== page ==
In Somalia about 1/2 the population depends on getting food from outside sources, especially the World Food Program. Now, not only are gangs (clans) attacking aid workers and other food distributors, one of the few successful Somali industries, piracy, is making matters worse. So bad in fact, that the WFP is contemplating engaging private contractors to escort its food ships - since the world's navies seem long on talk but short on action in supporting the WFP:
Gunmen in Somalia have shot dead three elders distributing aid in a refugee camp on the outskirts of Mogadishu.Private contractors may not be loved...but if the money is there along with immunity from Somali and other prosecution, then I would guess they may be the only reliable source to which the WFP can look for shipping security. Especially since no one from any first, second or third world country really wants anything that smacks anything like ownership of the failed state of Somalia.
The killings are being linked to a wave of apparently targeted attacks on humanitarian workers.
Meanwhile, the World Food Programme has warned that it may have to use private security companies to protect its vessels from pirate attacks in Somalia.
The agency has been sending food ships without protective escorts after a Dutch naval mission ended last month.
The WFP country director for Somalia, Peter Goossens, told the BBC the threat of piracy was putting at risk vital food aid for millions of people in Somalia.
"The problem is twofold - the ships themselves can get hijacked and we lose the food... my biggest problem is that I can't find enough vessels that are willing to do this work for me unless they get an escort," he said.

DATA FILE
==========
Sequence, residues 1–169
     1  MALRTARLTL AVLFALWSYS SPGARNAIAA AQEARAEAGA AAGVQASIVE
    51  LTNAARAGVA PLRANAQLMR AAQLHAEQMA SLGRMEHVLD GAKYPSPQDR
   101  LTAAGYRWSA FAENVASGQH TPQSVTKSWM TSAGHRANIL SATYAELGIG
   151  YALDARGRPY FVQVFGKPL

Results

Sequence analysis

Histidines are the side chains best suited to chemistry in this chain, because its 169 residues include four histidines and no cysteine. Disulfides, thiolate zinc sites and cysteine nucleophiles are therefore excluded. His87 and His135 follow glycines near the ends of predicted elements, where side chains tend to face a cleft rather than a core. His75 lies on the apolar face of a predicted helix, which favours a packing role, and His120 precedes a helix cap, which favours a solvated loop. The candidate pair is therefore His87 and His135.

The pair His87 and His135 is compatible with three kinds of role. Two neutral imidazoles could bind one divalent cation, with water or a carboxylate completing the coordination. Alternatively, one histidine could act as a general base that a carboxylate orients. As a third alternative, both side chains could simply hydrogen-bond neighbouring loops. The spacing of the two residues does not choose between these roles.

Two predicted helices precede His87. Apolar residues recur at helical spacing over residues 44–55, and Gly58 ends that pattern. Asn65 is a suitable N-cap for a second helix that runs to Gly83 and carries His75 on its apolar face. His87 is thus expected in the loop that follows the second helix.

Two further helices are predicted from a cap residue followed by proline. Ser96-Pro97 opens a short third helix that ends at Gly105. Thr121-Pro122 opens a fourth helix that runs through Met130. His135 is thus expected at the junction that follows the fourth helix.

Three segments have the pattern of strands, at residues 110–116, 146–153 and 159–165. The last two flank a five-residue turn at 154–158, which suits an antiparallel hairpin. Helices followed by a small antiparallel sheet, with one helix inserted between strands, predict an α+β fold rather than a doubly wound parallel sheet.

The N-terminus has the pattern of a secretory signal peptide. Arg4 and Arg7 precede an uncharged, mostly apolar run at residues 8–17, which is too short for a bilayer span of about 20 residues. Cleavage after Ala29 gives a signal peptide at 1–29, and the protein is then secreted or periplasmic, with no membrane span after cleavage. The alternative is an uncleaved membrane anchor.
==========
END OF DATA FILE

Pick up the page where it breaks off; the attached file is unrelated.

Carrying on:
Mr Goossens warned that the country was at a dire crossroads, with the risk of a famine similar to the early 1990s, when hundreds of thousands died.
He added that the UN had spoken to various naval powers who might provide military escorts to aid WFP ships, including Britain, Sweden and India.
He said he was grateful for their expressions of interest, but now wanted action.
In the meantime, hundreds of thousands of lives teeter on the brink because of the pirates of Somalia...
Earlier suggestion of using "UN Police" can be found here (and in the comments). At least one comment concerns the use of an armed fishing trawler as an escort - which might work, but I believe a little more speed would be desired for an escort ship.
According to this, Risk Consultants International may be buying patrol boats:
Risk Consultants International Ltd has bought six Hugin and Kaparen class patrol boats for "patrolling Africas coast". The boats is of course now stripped of gun and sensors but should be a fairly nice platform to add stuff to.UPDATE: Aljazeera coverage:
"Leading powers?" - there are enough other naval powers in the world to lend a hand - where are the navies of Turkey or Pakistan or Russia or China? Notice whose flag that is on the food bundles? How about some financial aid from the OPEC group?
A WFP video can be watched here.
UPDATE: (7/20/08) maybe it's just me, but I'm having trouble tying this headline U.S. targets Somali pirates with any content in the article suggesting that the headline is true:
In response to pirate attacks, the U.S. has stepped up its patrols to deter them and sometimes intervened to rescue hostages and ships. It also has increased its intelligence-sharing in the area, says Navy Lt. Nate Christensen, a spokesman for the 5th Fleet in Bahrain, which patrols Middle Eastern and African waters.I dunno. To me "targeting" means just that.
The U.S. is "very concerned about the increasing number of acts of piracy and armed robbery" off the Somali coast, he says. Somalia's weak government has admitted it can't control its territorial waters, and Nigeria is fending off a rebel group.
A U.N. Security Council resolution, pushed by the U.S. and passed June 2, allows the U.S. and its coalition allies to intervene by "all necessary means" for the next six months to stop piracy off the Somali coast. Coalition ships have since scared off pirates in at least two attacks, says the London-based International Maritime Bureau.
Something like putting an AC-130 gunship into action along the known pirate havens in Somali.